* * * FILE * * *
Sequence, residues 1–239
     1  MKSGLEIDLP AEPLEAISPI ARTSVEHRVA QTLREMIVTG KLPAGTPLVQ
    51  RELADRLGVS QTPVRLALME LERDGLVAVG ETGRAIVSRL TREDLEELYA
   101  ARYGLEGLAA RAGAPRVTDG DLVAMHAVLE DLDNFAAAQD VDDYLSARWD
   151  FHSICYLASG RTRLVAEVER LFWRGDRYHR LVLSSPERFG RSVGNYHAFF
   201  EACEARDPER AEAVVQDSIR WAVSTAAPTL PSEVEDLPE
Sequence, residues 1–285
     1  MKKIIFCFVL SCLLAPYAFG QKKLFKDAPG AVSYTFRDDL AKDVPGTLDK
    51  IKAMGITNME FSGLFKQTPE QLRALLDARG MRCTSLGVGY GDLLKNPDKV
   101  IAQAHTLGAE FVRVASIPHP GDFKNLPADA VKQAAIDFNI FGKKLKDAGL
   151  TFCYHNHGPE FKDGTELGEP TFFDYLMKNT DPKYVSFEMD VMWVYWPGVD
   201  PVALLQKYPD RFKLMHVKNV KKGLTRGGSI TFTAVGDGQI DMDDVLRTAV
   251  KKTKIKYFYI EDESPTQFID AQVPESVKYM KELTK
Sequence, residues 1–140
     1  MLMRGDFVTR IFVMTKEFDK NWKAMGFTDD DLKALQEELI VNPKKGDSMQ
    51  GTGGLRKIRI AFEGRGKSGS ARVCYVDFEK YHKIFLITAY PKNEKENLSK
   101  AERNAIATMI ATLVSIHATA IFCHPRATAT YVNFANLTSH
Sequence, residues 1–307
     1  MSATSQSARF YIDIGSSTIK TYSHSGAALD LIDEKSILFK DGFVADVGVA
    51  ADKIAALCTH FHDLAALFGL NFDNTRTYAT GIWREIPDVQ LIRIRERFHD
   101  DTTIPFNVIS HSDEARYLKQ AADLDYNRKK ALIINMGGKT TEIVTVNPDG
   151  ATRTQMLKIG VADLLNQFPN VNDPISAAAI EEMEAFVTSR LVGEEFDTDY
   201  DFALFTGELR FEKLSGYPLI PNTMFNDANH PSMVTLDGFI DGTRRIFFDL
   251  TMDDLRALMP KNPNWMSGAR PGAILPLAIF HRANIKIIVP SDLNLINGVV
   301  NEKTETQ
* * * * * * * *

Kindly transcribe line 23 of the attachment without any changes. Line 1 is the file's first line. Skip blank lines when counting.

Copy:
   201  DFALFTGELR FEKLSGYPLI PNTMFNDANH PSMVTLDGFI DGTRRIFFDL